With this purchase you will get:
01 Krishna Tulsi, Tulsi ( Black ) Plant
Description for Krishna Tulsi, Tulsi ( Black )
Plant height: 9 – 15 inches (22 – 39 cm)
Plant spread: 3 – 5 inches (7 – 13 cm)
Tulsi is a branched, fragrant and erect herb having hair all over. It attains a height of about 75 to 90 cm when mature. Its leaves are nearly round and up to 5 cm long with the margin being entire or toothed.
Sow seeds in early spring. Grows best in full sun in moderately rich and well-drained soil kept well watered.
Reddish leaves are present so-called Krishna Tulsi. Tulsi flowers are small having purple to reddish color, present in small compact clusters on cylindrical spikes. Stalkless heart-shaped bracts are there at the base of each flower cluster.
Common name(s): Holy basil, Krishna Tulsi
Flower colours: Magenta
Bloom time: June to frost
Max reachable height: 1.50 to 2 feet
Difficulty to grow: Easy to grow
Planting and care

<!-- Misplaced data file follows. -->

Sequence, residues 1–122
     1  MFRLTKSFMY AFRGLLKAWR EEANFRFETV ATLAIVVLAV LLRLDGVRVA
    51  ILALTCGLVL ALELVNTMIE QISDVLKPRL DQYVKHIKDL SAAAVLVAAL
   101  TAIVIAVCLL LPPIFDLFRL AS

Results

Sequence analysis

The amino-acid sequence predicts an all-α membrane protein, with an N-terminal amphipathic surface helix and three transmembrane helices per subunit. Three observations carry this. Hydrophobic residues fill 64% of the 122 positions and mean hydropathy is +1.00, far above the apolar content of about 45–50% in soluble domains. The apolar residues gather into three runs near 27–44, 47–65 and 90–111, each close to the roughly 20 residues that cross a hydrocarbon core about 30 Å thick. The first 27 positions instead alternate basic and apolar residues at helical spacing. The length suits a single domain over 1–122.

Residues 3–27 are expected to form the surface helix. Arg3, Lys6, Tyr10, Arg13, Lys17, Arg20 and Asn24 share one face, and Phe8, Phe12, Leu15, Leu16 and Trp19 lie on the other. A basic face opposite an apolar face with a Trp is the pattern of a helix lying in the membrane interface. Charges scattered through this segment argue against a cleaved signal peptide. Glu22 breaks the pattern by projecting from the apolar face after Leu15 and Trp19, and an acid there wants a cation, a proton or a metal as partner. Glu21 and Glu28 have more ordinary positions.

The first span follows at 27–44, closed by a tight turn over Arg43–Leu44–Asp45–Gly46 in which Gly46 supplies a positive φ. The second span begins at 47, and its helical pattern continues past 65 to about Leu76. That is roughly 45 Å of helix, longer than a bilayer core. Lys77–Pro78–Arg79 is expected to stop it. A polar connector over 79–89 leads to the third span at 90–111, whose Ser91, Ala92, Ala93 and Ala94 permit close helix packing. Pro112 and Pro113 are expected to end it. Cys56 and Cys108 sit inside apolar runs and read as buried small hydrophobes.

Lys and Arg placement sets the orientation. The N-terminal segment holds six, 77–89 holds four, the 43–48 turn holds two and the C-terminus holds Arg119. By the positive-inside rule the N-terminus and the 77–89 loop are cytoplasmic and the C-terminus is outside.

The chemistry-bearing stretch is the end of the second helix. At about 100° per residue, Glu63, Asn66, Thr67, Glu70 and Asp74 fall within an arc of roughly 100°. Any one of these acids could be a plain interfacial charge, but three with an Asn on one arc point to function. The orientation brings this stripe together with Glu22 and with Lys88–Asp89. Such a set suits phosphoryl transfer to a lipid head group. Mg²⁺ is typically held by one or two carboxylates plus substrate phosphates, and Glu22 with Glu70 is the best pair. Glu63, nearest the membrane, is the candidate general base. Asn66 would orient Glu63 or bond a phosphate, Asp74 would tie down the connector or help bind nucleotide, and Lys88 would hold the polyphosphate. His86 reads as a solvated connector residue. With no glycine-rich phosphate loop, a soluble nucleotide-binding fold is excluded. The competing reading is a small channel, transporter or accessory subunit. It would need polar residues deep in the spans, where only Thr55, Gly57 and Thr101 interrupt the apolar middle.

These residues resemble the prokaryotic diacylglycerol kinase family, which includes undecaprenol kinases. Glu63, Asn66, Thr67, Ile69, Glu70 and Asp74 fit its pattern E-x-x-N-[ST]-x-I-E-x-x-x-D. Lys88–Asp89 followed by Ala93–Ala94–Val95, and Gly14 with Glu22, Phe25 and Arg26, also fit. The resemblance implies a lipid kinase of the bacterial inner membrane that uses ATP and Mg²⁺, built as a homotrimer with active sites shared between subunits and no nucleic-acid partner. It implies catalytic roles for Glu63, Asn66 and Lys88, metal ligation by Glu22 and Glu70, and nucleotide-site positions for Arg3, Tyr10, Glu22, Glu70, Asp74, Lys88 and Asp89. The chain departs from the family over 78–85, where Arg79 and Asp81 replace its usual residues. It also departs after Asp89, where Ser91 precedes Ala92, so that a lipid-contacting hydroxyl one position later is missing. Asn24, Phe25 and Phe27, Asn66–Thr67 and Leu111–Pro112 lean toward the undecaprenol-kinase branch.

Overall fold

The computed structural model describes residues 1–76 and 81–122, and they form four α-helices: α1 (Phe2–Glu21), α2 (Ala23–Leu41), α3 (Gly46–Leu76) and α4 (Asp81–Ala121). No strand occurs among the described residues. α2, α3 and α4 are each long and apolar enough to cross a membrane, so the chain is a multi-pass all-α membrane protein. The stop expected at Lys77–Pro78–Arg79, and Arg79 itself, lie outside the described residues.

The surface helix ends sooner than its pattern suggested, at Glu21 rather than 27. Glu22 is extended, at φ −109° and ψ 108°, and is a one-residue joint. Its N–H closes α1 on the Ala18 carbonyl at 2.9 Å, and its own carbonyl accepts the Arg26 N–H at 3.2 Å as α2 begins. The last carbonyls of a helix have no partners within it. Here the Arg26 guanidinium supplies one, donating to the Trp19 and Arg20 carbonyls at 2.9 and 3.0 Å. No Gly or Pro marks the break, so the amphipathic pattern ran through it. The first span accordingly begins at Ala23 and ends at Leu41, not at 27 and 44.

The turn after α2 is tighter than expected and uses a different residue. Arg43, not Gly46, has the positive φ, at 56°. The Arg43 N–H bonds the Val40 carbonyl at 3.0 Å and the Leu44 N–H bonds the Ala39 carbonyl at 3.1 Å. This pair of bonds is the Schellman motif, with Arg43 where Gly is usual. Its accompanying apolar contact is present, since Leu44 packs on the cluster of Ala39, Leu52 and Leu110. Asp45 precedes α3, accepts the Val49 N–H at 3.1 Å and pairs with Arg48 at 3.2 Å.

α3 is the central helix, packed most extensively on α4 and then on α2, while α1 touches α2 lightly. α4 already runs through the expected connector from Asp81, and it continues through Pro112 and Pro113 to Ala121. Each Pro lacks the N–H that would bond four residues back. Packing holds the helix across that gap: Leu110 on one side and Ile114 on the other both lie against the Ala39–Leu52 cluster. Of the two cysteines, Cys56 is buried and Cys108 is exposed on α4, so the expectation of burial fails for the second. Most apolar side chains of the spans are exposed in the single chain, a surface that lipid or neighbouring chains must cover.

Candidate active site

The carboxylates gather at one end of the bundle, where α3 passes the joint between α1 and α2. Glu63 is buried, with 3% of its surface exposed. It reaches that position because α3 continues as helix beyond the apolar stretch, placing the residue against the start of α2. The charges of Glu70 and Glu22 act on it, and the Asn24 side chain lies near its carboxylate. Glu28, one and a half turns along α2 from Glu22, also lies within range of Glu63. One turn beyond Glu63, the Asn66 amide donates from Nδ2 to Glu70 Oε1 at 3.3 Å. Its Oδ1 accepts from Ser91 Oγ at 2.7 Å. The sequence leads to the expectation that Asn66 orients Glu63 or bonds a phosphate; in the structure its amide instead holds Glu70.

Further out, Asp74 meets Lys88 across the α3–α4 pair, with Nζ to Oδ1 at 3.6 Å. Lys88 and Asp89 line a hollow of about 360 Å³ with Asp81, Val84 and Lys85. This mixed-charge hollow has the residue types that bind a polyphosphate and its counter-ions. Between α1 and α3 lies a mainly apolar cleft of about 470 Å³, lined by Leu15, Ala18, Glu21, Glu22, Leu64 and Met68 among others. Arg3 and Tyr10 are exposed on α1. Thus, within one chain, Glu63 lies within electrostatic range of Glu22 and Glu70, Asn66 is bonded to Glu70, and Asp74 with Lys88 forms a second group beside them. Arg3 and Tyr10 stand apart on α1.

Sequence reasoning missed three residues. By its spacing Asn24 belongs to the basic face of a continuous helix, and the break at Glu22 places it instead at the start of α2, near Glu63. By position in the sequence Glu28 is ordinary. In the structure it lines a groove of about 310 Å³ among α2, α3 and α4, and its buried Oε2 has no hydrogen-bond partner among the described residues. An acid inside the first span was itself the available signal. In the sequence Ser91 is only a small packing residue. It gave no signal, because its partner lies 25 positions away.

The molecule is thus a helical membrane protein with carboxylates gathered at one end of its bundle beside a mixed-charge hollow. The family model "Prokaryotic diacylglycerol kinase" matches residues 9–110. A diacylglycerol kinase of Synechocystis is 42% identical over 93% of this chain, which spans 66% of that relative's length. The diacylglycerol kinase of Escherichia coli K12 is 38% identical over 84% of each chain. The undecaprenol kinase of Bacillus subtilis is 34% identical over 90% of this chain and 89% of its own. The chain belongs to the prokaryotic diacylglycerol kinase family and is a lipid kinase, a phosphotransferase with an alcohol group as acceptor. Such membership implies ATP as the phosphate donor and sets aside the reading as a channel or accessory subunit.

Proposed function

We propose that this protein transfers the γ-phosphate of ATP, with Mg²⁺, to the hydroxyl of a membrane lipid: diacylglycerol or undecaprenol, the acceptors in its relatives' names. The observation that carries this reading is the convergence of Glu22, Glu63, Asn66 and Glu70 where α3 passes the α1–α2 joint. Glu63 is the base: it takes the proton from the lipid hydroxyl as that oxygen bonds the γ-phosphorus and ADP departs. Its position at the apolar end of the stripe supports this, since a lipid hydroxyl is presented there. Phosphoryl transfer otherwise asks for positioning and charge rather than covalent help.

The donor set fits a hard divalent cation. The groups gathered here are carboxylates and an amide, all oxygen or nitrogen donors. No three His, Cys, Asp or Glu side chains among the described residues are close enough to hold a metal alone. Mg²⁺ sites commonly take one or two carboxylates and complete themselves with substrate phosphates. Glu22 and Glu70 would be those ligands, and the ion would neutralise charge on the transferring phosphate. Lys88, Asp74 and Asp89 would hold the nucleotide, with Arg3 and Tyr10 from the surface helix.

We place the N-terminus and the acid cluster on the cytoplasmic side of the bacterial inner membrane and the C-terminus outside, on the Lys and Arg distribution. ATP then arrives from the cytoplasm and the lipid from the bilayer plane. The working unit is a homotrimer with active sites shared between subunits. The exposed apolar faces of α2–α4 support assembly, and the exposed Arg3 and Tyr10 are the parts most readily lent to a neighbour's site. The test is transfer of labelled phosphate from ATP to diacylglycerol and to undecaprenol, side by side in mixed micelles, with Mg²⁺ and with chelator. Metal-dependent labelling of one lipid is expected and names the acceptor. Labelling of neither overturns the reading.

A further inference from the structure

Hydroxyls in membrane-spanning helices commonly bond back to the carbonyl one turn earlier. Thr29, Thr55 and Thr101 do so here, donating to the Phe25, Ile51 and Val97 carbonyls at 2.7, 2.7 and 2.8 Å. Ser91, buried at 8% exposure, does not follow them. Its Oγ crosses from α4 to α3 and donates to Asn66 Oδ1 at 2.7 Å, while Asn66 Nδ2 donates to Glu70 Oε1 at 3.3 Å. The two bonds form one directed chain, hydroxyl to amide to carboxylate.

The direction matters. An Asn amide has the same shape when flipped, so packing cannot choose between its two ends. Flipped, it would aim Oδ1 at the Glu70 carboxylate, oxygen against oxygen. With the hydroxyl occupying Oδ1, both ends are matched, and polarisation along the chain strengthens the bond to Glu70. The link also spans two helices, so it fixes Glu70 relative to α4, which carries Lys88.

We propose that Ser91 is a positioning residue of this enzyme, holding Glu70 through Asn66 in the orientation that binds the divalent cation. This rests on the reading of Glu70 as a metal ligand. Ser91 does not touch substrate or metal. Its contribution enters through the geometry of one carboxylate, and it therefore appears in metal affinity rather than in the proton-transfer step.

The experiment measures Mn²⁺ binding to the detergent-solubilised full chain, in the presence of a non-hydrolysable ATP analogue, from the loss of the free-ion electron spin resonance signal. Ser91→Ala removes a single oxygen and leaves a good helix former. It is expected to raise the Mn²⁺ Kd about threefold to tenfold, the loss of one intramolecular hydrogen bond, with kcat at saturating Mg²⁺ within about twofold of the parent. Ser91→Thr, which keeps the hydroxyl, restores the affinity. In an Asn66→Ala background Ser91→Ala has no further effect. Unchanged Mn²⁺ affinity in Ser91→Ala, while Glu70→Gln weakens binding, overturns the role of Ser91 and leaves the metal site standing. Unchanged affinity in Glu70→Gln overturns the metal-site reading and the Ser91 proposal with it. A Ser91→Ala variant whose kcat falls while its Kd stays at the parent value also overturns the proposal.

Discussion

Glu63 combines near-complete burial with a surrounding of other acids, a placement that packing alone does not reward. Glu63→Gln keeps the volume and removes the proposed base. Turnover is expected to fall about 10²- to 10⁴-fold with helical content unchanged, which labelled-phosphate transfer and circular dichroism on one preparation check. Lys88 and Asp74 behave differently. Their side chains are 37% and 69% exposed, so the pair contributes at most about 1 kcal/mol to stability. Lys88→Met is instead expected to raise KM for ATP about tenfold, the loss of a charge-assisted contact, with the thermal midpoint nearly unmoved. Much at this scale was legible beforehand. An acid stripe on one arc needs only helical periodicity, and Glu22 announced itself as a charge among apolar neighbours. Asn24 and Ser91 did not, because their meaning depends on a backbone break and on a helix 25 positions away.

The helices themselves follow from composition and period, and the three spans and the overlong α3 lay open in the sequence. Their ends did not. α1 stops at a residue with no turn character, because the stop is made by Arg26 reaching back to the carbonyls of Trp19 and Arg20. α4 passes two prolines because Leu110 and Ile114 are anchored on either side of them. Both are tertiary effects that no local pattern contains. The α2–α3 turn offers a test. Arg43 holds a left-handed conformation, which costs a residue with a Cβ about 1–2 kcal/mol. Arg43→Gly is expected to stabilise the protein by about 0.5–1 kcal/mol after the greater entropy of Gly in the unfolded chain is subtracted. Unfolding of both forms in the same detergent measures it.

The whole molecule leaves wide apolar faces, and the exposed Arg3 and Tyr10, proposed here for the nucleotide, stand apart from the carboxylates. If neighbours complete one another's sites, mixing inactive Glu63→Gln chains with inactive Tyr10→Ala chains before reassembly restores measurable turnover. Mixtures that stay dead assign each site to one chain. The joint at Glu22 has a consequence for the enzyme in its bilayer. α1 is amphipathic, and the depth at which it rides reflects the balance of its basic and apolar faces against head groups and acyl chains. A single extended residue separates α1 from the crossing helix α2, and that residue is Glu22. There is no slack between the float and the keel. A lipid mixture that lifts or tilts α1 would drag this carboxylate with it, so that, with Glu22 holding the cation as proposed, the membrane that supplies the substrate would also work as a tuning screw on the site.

Plant care may require a bit of effort, but the results are well worth the work. Not all plants are fragrant, but the most common and hardy do produce a sweet, carrying fragrance.
Common is a vine and has larger glossy green leaves than Royal. Both can survive in temperate climates if they are planted in a sheltered area.
Sunlight: Full sun
Soil: Well-drained soil
Temperature: 70-80 degrees F
Fertilizer: Apply any organic fertilizer
Caring for Krishna Tulsi
Every leaf has a growth bud, so removing old flower blossoms encourages the plant to make more flowers instead of using the energy to make seeds.
Clean away from around the base of the rosebushes any trimmed debris that can harbor disease and insects.
Typical uses of Krishna Tulsi
Special features: As a seasoning herb in many vegetable and meat dishes, or as a key ingredient of pesto and other condiments.
Culinary use: It is widely known across the Indian subcontinent as a medicinal plant and a herbal tea.
Ornamental use: The plant is used for an ornamental purpose. The tulsi plant is pleasing to the eye, with an upright, open and branching form. The fragrance of the leaves is also quite attractive-spicy and complex, often resembling clove.
Medicinal use: Tulasi (Sanskrit:-Surasa) has been used for thousands of years in Ayurveda for its diverse healing properties.